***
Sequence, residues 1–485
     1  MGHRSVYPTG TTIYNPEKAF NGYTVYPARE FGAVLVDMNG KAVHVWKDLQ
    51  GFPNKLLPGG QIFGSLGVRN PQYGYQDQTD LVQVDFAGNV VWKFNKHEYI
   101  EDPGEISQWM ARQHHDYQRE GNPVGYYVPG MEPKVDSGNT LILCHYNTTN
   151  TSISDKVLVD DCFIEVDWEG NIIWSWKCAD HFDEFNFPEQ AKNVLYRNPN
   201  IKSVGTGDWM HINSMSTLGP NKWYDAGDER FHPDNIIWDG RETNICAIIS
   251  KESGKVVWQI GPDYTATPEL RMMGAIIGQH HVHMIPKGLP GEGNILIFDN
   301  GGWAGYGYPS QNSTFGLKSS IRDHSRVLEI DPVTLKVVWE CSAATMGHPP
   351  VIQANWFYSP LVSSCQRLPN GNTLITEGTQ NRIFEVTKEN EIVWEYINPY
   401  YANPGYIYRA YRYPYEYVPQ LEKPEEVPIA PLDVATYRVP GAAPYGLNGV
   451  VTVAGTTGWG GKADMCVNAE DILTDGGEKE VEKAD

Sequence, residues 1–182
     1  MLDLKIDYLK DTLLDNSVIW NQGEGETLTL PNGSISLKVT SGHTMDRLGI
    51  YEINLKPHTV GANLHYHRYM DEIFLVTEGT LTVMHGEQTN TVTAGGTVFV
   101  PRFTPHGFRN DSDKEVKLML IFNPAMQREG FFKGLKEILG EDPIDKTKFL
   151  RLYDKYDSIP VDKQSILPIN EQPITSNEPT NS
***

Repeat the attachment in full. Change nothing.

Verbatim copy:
Sequence, residues 1–485
     1  MGHRSVYPTG TTIYNPEKAF NGYTVYPARE FGAVLVDMNG KAVHVWKDLQ
    51  GFPNKLLPGG QIFGSLGVRN PQYGYQDQTD LVQVDFAGNV VWKFNKHEYI
   101  EDPGEISQWM ARQHHDYQRE GNPVGYYVPG MEPKVDSGNT LILCHYNTTN
   151  TSISDKVLVD DCFIEVDWEG NIIWSWKCAD HFDEFNFPEQ AKNVLYRNPN
   201  IKSVGTGDWM HINSMSTLGP NKWYDAGDER FHPDNIIWDG RETNICAIIS
   251  KESGKVVWQI GPDYTATPEL RMMGAIIGQH HVHMIPKGLP GEGNILIFDN
   301  GGWAGYGYPS QNSTFGLKSS IRDHSRVLEI DPVTLKVVWE CSAATMGHPP
   351  VIQANWFYSP LVSSCQRLPN GNTLITEGTQ NRIFEVTKEN EIVWEYINPY
   401  YANPGYIYRA YRYPYEYVPQ LEKPEEVPIA PLDVATYRVP GAAPYGLNGV
   451  VTVAGTTGWG GKADMCVNAE DILTDGGEKE VEKAD

Sequence, residues 1–182
     1  MLDLKIDYLK DTLLDNSVIW NQGEGETLTL PNGSISLKVT SGHTMDRLGI
    51  YEINLKPHTV GANLHYHRYM DEIFLVTEGT LTVMHGEQTN TVTAGGTVFV
   101  PRFTPHGFRN DSDKEVKLML IFNPAMQREG FFKGLKEILG EDPIDKTKFL
   151  RLYDKYDSIP VDKQSILPIN EQPITSNEPT NS